This Romanesque building dating from the 12th century was converted into a royal chapel in the 14th century. Judging from its solid fortress-like look (slit windows, circular shape) and its location close to the gate of the city walls, it must have engaged a defensive role. The frescos inside are 14th century Gothic style, whilst the bellcote is Baroque.
This church preserves a XIIth century Romanesque-Mudejar style apse. The St. James church enjoyed a certain degree of importance on the pilgrimage route to Santiago de Compostela from southern Spain.
This is a Plateresque gem combining Gothic and Renaissance elements, and once inside, reveals a single nave covered by ribbed vaulting and a high altar retable in the Baroque style.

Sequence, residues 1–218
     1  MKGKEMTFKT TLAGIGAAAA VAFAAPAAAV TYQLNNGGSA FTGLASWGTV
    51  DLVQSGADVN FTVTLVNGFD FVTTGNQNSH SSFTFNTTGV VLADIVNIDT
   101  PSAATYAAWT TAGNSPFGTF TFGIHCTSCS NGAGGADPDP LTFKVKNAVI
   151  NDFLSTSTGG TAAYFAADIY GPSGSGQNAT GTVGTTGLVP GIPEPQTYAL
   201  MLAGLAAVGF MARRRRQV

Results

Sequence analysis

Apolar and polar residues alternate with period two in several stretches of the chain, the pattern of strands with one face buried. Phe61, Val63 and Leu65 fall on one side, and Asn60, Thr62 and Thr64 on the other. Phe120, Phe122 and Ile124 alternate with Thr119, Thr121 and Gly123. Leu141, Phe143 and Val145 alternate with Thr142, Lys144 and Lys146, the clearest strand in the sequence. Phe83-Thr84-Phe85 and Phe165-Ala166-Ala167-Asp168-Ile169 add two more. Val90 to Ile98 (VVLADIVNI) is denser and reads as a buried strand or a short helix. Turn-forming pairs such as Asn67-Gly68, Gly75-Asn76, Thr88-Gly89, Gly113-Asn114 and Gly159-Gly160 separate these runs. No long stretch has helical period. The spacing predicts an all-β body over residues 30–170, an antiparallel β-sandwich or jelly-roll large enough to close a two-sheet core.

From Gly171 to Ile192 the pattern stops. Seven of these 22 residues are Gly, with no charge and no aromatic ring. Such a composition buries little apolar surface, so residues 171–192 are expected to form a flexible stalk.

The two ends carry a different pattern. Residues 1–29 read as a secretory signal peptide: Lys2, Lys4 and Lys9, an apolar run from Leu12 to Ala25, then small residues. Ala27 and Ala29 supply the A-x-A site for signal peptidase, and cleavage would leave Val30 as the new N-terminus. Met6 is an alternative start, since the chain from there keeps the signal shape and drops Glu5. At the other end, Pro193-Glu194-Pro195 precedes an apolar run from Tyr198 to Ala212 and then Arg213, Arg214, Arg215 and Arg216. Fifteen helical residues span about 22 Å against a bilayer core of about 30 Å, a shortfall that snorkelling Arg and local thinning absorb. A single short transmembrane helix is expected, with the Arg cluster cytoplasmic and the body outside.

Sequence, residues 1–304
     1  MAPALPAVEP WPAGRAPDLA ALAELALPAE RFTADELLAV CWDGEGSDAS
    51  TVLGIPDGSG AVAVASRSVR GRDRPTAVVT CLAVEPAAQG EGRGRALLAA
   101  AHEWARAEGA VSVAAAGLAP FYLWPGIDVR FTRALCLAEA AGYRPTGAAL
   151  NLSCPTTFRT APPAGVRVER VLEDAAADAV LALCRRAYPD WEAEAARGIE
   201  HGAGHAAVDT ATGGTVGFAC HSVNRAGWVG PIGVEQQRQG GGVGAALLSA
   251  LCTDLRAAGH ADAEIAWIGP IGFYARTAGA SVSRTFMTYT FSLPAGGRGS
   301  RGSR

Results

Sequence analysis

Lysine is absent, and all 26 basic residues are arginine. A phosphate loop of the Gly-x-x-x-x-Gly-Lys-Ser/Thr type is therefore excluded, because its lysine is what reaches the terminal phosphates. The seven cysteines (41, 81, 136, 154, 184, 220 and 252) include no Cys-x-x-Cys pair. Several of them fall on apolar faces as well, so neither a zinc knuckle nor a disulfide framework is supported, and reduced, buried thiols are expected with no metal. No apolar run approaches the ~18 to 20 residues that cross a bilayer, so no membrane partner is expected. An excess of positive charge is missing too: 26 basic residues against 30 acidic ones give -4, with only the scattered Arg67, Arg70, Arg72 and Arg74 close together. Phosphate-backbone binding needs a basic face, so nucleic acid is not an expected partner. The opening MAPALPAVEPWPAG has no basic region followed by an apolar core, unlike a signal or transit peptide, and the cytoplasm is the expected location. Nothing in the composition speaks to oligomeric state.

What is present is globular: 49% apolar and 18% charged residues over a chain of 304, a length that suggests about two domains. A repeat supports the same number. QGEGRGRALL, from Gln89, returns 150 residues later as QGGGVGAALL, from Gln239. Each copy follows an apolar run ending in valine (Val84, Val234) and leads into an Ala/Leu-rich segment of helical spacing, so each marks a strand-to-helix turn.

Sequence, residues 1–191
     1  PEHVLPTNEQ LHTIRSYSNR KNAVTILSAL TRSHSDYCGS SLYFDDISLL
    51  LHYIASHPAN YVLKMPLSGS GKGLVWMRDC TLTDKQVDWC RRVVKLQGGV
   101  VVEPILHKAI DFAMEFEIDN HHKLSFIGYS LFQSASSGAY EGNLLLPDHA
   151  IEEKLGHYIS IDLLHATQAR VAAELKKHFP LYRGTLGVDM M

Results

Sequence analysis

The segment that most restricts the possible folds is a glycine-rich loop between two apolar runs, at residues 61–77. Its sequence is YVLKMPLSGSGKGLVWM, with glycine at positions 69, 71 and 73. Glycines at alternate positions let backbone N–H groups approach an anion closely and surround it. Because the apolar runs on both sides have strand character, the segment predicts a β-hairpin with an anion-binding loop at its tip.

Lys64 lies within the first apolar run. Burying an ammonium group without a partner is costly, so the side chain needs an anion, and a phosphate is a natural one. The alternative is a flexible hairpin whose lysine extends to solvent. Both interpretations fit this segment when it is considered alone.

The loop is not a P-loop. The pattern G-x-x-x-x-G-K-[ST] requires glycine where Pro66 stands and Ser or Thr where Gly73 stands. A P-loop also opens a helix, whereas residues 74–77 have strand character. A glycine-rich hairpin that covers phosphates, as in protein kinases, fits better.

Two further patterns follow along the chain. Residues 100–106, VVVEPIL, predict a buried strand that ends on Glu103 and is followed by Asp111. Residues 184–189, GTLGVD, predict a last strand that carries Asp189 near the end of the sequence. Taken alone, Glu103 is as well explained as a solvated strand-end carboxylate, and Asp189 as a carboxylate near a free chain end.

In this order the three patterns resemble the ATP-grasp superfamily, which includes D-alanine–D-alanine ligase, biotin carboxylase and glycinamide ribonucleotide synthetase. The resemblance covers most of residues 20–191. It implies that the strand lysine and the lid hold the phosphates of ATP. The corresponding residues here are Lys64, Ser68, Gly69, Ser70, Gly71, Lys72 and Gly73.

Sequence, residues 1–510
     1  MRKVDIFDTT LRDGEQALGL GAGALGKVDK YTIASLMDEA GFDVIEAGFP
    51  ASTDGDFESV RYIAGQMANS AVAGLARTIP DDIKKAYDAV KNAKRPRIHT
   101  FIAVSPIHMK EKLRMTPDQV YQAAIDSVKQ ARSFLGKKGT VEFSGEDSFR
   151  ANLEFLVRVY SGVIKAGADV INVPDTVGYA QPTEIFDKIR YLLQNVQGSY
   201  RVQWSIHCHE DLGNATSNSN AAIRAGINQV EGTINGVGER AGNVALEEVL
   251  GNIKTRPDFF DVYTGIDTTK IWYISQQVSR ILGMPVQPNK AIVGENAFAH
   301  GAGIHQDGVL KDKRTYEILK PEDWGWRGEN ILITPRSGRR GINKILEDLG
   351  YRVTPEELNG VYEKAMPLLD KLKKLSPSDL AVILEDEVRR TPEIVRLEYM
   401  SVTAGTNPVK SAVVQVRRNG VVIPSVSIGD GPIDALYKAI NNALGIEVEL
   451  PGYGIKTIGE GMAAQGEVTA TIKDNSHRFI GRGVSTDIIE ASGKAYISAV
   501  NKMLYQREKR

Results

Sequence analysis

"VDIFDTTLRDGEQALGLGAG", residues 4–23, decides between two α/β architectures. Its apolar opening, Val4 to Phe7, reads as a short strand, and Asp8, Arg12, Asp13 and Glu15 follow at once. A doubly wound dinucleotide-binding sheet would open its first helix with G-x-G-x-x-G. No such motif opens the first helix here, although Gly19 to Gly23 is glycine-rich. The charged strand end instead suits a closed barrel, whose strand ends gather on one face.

This was the first Romanesque church dedicated to St. Thomas Becket, Archbishop of Canterbury. With a Latin-cross ground plan it takes the form of single nave and three apses.
Next to San Esteban Convent, the much simpler Convento de las Duenas consists of a double-decker cloister with a small museum of religious art. The nuns sell sweets inside daily except Sundays. The convent was founded by Juana Rodríguez Maldonado in 1419 and was in fact built on the site of her own mansion, of which some Mudejar vestiges still remain. The building was designed by Juan de Álava and Rodrigo Gil de Hontañón. The two-storey cloister encloses an irregular pentagonal courtyard. On the lower level, graceful segmental arches are supported by columns.